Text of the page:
On Love is the first ‘novel’ I’ve read by Alain de Botton, although I would say it’s closer to a memoir. I’ve read several of his essay collections previously, The Architecture of Happiness and The Art of Travel. I’ve decided that he is an author people are either going to love or really not be into, and to tell the truth this might depend on 1) whether you like his subject matter or 2) whether you are a person who habitually overanalyzes everything.
Alain de Botton applies philosophy to everyday subjects, and in On Love he recounts his love affair with Chloe from beginning to end. From musing on why we feel the need to be honest in a way with a lover we don’t with a friend (i.e. telling them their shoes are hideous, when with a friend we would say the shoes are cute and move on), to discussing the small crushes lovers develop on other people, and then chronicling the slow erosion of a relationship, de Botton cites experiences everyone can relate to in a funny and insightful manner. Example:
Chloe and I would never have been as brutal to our friends as we were to each other. But we equated intimacy with a form of ownership and license. We may have been kind, but we were no longer polite. When we started arguing one night about the films of Eric Rohmer (she hated them, I loved them), we forgot there was a chance Rohmer’s films could be both good and bad, depending on who was watching them. She degenerated into calling me “a stuffy overintellectual turd”; I reciprocated by judging her “a degenerate product of modern capitalism” (proving her accusation in the process).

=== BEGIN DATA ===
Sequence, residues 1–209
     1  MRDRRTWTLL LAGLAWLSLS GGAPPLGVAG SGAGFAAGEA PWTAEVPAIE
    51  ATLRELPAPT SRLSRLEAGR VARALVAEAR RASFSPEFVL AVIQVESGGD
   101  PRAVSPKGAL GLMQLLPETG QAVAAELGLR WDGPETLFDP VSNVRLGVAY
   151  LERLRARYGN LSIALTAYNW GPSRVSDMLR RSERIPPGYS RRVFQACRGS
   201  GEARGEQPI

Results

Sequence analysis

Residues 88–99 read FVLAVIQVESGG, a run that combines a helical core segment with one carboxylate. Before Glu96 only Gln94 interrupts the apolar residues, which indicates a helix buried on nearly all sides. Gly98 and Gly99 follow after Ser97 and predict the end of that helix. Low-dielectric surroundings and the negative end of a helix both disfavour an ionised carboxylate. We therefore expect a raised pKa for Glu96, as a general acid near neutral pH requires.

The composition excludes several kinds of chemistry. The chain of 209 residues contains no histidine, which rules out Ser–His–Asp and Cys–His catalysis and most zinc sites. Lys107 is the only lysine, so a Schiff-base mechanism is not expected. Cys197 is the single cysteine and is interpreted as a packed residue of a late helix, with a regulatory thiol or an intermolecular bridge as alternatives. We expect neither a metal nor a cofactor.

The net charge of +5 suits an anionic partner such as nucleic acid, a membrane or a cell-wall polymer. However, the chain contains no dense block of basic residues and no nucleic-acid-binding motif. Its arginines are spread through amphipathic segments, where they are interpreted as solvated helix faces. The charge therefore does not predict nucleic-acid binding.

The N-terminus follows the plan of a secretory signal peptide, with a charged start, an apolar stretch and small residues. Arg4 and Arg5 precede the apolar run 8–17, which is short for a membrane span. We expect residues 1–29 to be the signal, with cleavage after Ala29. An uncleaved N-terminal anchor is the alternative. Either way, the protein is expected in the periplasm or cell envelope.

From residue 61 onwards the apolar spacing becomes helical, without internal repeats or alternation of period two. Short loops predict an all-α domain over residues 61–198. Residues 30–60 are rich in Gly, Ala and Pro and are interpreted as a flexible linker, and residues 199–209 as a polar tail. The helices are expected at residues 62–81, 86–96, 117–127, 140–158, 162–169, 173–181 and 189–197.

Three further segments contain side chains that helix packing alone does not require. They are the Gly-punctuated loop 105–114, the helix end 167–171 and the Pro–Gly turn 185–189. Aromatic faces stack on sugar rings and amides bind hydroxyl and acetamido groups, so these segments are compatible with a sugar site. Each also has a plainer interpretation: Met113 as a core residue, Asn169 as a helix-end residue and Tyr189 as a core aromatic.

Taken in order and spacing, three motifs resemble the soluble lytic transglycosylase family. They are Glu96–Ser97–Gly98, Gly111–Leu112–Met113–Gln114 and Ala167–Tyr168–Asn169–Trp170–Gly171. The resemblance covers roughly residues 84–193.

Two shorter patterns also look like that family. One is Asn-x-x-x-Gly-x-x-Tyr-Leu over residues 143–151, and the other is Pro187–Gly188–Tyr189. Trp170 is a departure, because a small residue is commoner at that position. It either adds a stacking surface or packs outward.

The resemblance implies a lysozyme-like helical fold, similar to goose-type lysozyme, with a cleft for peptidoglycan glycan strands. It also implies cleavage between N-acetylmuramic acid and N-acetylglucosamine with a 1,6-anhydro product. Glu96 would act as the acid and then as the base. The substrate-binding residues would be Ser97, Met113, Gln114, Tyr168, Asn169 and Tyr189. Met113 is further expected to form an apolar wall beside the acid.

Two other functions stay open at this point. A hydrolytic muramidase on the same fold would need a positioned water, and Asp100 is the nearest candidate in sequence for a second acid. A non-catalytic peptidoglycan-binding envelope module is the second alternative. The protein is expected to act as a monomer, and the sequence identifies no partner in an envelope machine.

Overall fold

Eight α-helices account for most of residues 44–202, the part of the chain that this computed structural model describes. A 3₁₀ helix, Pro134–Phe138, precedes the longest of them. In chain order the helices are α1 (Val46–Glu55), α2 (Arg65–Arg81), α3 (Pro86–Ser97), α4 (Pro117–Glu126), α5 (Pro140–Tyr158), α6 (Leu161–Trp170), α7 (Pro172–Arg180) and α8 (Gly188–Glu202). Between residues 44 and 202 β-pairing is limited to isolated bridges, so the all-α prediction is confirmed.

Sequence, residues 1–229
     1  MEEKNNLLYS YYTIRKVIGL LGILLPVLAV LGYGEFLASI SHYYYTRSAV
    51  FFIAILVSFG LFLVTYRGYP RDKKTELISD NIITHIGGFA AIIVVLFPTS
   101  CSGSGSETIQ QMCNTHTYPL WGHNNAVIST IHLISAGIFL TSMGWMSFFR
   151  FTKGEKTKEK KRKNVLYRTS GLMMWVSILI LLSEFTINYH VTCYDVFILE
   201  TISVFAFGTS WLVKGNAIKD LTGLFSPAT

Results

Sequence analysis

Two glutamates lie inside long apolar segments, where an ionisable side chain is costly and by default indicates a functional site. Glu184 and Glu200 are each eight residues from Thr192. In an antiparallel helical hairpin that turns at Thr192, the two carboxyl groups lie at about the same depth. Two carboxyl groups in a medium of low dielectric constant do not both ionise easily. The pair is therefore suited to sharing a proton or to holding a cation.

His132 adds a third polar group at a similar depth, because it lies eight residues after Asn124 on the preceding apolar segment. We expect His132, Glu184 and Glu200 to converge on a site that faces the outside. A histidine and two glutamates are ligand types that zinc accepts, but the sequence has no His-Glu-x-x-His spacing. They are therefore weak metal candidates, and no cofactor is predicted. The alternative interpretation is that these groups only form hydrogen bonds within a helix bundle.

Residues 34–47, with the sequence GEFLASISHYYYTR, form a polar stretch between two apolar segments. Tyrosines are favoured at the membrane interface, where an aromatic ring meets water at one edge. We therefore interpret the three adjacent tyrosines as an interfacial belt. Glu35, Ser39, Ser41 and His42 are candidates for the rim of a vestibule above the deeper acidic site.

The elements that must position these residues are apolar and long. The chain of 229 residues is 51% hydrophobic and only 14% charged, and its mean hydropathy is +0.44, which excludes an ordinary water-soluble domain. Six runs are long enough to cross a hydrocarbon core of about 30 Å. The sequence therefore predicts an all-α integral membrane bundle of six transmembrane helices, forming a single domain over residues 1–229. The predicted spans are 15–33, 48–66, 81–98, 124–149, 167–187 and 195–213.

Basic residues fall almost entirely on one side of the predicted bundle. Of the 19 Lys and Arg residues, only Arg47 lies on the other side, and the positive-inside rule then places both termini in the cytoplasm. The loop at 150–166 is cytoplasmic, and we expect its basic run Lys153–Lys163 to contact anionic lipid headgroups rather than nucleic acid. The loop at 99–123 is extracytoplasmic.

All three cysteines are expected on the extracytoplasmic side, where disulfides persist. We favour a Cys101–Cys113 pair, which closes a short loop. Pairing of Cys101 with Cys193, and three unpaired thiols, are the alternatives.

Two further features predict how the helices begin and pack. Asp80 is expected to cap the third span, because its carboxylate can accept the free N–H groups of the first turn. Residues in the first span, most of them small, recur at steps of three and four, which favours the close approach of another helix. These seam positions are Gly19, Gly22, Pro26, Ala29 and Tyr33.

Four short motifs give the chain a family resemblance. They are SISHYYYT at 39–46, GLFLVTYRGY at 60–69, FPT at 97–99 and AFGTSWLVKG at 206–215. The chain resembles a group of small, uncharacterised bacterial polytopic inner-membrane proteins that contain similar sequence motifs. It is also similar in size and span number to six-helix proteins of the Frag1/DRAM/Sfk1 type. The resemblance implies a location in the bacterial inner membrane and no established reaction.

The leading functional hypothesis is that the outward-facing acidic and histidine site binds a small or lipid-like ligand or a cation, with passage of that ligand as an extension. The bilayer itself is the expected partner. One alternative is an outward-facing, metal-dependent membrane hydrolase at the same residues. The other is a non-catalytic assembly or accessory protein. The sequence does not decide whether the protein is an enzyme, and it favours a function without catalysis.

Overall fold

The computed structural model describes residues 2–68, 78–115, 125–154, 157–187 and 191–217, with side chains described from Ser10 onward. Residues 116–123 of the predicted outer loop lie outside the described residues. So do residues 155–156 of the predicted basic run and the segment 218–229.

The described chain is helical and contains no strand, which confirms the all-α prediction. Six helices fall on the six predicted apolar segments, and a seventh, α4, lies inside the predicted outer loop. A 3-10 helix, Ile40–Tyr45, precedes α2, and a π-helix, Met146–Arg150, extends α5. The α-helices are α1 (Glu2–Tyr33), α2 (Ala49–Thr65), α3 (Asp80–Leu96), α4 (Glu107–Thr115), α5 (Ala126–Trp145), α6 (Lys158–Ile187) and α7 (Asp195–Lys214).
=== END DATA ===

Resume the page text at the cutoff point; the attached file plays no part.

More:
I ended up underlining at least a third of this book, and identified with various sections far more than I would like to admit- which is why I’m posting this on the internet, clearly. But I am a perfectionist who overanalyzes everything and has ridiculously high expectations of people. Also, I have been known to criticize shoes, because Crocs are a horribly ugly abomination that should be vanquished from this earth. So perhaps I identify a bit much with the stories in On Love, but most of all, I identified with the hope it takes to love someone and then begin to to even think about loving another after the relationship has ended.